What is in this article?:
- California wheat growers challenged by stripe rust
- Worldwide epidemic
- Gene breakthrough
- California wheat crops looks good as harvest begins.
- However, stripe rust attacking more resistant varieties.
- Genetic breakthrough by UC wheat breeder offers hope of introducing stripe rust resistance into older, new varieties.
Data from the stripe rust survey from 2010 shows that 17 races of the stripe rust pathogen were identified from 66 collections from California last season. None of these races can overcome the resistance of either Yr5 or Yr15.
Dubcovsky, who leads the UC Davis Wheat Breeding and Wheat Molecular Genetics Laboratories, made his breakthrough discover with a 2006 UC Discovery Grant in partnership with the California Wheat Commission.
The UC Discovery Grant promotes collaborations between University of California researchers and industry partners in the interest of supporting cutting-edge research. UCDG research projects are jointly funded by a UC Discovery Grant and an industry sponsor, like the California Wheat Commission, with a matching contribution.
Using this grant, Dubcovsky identified genes and transferred them into several California wheat varieties. "Without programs like the UC Discovery Grant, this research and knowledge would never get out of the laboratory," said Dubcovsky. "Now, we can transfer and advance the research so it benefits growers and consumers."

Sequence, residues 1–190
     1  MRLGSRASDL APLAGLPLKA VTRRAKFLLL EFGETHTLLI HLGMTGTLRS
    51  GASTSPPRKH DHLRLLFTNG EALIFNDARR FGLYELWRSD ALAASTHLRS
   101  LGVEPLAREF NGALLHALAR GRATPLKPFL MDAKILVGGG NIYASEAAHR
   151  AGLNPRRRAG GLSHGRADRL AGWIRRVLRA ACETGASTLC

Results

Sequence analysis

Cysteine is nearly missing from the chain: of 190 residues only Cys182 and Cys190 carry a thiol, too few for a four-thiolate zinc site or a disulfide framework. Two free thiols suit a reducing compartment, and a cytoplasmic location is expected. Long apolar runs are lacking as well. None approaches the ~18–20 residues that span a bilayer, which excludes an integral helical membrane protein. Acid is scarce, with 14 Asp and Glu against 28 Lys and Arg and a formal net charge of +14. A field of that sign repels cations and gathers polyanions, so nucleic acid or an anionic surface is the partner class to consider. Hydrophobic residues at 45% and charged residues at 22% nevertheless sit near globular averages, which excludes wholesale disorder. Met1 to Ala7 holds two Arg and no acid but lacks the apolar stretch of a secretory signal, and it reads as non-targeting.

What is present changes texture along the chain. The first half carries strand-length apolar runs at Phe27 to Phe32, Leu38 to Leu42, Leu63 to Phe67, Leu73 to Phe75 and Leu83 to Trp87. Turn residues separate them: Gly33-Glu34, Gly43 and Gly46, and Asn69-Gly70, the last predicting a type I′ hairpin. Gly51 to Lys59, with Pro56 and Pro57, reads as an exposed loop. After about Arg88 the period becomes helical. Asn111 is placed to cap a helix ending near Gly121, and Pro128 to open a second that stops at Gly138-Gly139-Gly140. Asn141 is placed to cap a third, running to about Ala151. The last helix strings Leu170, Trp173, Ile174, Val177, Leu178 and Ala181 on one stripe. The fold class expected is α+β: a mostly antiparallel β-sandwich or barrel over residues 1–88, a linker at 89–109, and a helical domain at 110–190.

With a second UC Discovery Grant, Dubcovsky is partnering with the wheat commission to make wheat more hearty and nutritious, but also to maintain its long-term productivity and improve the market value of California wheat.
He was part of a team that cloned a gene that increases protein, iron and zinc in wheat, which provides about 20 percent of all the calories people consume worldwide. This June, he reported studies that could lead to a strain of wheat that could better tolerate freezing temperatures.
With the new discovery grant, Dubcovsky will focus on improving the nutritional value of California pasta and bread wheat, including increasing the concentration of resistant starch in the grain. This could improve dietary fiber and perhaps even make eaters feel full and cut down on overall calorie intake. New research also hopes to increase the grain protein concentration in wheat and discover new high grain protein genes that can help breed better varieties of wheat.
"Constant research is needed to stay ahead of disease that may harm crops, and we need to keep up with consumer demands for new, better and more nutritious varieties," said Lawrence Hunn, chair of the California Wheat Commission. The commission, funded by wheat growers, supports research to improve wheat quality and market development to provide growers with more outlets.
"Our partnership with UC researchers has always been critical to the viability of the wheat industry in California," said Hunn.